Do we need another booster to prevent the antibodies generated by the second dose of the Covid vaccine from decreasing after a few weeks? Even if the phenomenon is expected and this is not the body’s only defense mechanism, the decline could precisely indicate the need for a recall, at least for the most fragile people. This was stated by researchers from University College London in a study published in the journal The Lancet.
The research analyzed the blood of 605 people between the ages of 50 and 70 who had completed vaccination with Pfizer or Astrazeneca. Between three and six weeks after the second dose, the authors write, the antibody level, which varies greatly from person to person, begins to drop, and is much lower after 10 weeks. On average, it goes from 7500 units per milliliter to 3320 for Pfizer, and from 1200 to 190 for Astrazeneca. The phenomenon of the decrease in antibodies, Eleanor Barnes, a hepatologist at the University of Oxford points out to the Guardian, is common to all vaccines, but does not imply that the body’s ability to respond is also lost, also because there are other cells in the system. immune system that can go into action.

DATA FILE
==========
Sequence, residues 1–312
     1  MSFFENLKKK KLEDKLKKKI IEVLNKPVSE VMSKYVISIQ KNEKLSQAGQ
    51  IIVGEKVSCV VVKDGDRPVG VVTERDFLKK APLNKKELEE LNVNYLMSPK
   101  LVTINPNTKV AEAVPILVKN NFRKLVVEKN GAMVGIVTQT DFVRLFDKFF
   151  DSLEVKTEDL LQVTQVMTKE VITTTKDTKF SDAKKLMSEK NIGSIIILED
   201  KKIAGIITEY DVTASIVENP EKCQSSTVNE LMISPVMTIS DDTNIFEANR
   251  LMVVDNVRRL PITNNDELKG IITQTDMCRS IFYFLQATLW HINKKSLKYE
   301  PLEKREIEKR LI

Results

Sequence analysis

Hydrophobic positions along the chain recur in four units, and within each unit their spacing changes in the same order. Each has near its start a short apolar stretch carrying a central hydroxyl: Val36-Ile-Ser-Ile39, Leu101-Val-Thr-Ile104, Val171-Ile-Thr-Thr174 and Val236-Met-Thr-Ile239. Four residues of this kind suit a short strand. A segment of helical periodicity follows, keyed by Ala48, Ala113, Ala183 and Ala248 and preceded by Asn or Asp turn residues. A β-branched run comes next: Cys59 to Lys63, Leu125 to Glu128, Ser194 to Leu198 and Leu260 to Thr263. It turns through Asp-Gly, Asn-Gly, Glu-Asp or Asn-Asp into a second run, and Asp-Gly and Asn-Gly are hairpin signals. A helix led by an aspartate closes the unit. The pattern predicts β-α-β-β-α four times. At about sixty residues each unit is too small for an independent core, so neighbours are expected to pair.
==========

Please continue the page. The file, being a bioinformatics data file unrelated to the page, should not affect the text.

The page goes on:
“The decrease could suggest a recall strategy, especially at a time when there is a spate of Delta variant cases in Britain. However, even if the level of antibodies decreases, the B and T cells could very well protect against severe disease.